2009 entries such as CWE-20 (improper input validation) had a significant amount of overlap with other items on the list, such as XSS and SQL injection. Some entries were at a very high level, such as improper authorization, while others were at a lower level. In some cases, the Top 25 would include both a low-level and its parent (such as the entries related to external control of filenames and critical data).

Entries such as these could be addressed by one or more of the following:

  1. Using lower-level CWE entries (possibly creating them)
  2. Resolving / normalizing cases when both an entry and its parent/grandparent were included in the 2009 list.
  3. De-prioritizing the entries related to "root cause," possibly changing them to a cusp/watch-list role.
  4. Moving some entries, such as CWE-20, to a separate section that identifies the most important mitigations.

Next steps:

  • MITRE will suggest abstraction changes and build a straw-man

Prioritization and Ranking

While the topic was not raised explicitly, there seems to be support for prioritizing the items on this year's list.

There were not any objections to continuing last year's emphasis on prevalence of occurrence and severity to determing inclusion on the Top 25. Some people advocated using a third factor that captures the frequency of real-world attacks that exploit the issues.

There has also been solid support for using quantitative methods to rank items, which also would ultimately determine which items make it onto the Top 25 list.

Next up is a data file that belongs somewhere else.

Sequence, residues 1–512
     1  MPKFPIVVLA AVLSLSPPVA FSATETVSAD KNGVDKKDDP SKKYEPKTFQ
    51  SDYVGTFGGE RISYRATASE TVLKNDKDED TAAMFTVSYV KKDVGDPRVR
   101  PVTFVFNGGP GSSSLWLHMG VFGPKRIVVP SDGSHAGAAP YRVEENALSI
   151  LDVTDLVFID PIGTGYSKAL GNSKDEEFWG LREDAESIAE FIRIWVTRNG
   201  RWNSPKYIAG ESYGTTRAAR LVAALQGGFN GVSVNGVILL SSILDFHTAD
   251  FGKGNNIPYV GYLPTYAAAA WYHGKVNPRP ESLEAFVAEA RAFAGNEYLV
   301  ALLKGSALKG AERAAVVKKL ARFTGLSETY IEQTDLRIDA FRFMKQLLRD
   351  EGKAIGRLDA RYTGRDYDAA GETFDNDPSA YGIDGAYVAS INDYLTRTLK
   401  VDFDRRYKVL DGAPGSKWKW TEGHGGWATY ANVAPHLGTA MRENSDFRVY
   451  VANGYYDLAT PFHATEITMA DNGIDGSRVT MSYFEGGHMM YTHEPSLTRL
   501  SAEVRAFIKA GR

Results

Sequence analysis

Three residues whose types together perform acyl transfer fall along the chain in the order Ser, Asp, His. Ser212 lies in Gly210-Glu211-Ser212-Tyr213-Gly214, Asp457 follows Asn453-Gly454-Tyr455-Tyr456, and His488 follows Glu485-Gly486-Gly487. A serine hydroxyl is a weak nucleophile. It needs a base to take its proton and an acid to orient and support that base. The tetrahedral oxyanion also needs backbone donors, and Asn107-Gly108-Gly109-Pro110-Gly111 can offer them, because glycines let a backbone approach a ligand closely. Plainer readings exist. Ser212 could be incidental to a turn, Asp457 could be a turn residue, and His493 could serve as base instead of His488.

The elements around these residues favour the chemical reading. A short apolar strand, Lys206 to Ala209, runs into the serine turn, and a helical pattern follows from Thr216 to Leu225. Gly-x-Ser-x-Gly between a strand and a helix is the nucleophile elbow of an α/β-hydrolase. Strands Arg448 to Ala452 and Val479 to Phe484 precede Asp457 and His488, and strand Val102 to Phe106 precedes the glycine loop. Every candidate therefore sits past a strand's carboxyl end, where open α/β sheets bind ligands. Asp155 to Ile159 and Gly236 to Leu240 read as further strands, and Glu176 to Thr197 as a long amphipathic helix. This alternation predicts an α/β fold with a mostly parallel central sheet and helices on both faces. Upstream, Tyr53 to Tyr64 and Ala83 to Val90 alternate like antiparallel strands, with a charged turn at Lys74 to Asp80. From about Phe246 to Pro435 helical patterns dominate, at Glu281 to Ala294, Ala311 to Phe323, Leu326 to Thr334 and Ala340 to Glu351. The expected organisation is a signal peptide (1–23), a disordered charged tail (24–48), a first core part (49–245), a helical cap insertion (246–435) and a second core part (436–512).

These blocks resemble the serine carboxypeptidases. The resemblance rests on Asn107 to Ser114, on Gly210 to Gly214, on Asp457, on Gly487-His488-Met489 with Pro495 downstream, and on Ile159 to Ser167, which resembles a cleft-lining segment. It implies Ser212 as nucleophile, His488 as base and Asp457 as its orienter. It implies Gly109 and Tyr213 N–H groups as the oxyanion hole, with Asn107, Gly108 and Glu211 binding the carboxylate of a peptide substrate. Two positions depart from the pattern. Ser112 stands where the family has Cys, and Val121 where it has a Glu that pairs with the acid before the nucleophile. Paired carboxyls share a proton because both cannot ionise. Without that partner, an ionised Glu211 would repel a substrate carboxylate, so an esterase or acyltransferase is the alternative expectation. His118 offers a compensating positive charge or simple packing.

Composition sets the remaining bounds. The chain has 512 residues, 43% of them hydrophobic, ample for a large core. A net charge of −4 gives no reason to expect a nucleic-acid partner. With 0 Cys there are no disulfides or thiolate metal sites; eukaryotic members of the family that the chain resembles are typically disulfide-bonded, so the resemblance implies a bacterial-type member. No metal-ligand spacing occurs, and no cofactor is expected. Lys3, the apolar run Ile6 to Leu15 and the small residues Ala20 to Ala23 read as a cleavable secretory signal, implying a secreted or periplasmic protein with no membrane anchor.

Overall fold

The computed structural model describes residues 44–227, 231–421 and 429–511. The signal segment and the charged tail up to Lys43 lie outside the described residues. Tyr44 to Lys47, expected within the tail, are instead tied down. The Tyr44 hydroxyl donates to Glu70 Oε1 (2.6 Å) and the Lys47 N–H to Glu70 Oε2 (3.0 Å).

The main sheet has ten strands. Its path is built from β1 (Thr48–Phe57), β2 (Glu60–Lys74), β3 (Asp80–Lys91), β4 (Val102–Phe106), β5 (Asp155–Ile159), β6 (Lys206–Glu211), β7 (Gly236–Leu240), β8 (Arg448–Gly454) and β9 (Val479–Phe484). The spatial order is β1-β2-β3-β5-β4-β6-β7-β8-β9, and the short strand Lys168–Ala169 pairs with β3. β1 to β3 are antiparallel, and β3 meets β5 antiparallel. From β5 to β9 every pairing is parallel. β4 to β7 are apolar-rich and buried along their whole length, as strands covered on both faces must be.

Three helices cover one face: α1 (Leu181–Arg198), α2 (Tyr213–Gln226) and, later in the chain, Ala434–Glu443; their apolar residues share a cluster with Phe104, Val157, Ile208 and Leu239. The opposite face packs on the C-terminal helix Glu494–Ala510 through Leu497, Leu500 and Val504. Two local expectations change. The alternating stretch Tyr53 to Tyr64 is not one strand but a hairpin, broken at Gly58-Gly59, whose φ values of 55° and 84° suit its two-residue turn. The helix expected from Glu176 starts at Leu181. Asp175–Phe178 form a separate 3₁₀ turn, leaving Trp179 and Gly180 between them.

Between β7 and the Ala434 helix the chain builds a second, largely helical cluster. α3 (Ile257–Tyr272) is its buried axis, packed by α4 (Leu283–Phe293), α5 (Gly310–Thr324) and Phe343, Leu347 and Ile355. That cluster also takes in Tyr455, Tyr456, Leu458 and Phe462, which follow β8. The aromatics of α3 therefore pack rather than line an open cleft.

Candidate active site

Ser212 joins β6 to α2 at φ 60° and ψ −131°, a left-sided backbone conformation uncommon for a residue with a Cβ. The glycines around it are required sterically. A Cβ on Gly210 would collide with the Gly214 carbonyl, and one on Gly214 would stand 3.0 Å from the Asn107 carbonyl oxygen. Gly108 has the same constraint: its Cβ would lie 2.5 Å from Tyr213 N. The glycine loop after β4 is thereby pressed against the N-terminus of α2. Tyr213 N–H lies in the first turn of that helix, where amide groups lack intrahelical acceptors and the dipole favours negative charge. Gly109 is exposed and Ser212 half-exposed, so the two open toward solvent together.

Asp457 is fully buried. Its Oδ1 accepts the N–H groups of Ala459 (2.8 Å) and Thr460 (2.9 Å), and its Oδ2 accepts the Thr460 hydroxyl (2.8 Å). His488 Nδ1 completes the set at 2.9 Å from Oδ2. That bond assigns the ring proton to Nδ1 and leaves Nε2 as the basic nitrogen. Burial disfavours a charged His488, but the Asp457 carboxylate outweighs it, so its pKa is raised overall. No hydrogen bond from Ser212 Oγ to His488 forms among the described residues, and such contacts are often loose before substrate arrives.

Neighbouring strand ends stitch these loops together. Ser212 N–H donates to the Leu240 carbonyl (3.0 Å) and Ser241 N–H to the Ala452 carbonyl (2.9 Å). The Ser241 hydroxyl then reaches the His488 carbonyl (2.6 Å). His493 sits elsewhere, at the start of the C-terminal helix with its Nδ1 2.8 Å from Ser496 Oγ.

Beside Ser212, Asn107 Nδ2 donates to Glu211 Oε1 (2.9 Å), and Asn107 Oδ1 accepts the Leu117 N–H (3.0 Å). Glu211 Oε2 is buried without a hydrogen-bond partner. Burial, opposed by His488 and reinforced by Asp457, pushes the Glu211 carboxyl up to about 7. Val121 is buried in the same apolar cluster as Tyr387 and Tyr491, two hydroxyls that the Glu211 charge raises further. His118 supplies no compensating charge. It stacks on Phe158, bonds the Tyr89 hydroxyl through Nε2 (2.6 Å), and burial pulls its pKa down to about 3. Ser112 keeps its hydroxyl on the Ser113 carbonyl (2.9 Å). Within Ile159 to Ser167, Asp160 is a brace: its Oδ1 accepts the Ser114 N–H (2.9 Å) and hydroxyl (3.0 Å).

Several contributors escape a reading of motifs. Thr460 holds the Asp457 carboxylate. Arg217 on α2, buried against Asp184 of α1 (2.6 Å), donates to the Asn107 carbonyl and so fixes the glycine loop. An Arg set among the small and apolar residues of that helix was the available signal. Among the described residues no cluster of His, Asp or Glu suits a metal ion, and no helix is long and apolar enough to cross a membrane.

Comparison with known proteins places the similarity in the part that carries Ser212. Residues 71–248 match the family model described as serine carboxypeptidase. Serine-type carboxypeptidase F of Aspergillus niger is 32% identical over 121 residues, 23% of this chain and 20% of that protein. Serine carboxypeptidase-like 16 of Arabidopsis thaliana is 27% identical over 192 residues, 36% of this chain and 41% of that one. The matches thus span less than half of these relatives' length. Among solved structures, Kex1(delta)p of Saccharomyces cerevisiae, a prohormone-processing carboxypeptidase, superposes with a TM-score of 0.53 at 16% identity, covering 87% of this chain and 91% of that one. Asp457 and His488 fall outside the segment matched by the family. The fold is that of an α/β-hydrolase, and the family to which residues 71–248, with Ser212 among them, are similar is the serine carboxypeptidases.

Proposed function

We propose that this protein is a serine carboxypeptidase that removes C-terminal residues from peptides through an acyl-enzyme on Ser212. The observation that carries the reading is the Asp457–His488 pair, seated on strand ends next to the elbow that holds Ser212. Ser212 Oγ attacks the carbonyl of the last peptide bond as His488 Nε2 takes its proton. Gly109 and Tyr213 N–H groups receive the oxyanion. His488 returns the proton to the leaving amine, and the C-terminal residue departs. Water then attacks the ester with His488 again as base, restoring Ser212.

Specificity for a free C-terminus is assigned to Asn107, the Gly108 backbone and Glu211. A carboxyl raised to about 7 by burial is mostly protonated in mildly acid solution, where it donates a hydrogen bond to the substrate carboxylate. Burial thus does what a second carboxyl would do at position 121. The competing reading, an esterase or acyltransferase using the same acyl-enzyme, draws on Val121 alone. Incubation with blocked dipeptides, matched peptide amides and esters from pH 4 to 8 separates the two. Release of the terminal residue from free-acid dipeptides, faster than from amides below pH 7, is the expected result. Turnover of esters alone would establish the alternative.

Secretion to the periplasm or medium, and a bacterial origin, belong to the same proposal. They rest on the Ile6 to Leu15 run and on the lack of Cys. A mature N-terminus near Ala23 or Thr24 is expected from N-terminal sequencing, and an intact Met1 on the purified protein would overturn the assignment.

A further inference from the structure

MITRE has received several submissions, privately and to the discussion list, which contain real-world weakness or vulnerability data that might be difficult to combine. For example, some submissions use low-level CWEs, and others use high-level ones. CVE vulnerability data is also available; a summary of 2008/2009 results was posted. However, it has been noted that CVE is subject to unpredictable fluctuations, such as the spike in symbolic link issues in 2008 due to a single researcher's efforts.

As mentioned previously, there is a possibility that each technology profile might use its own prioritization scheme.

Next steps:

  • During the first week of January, MITRE will work with Elizabeth Nichols of PlexLogic to determine if there are suitable approaches for data collection or polling that will support quantitative analysis.
  • MITRE will investigate the use of attack frequency as another factor in ranking.
  • Supporters of individual profiles can begin discussion of criteria for profile-specific ranking.

Section on the Most Effective Mitigations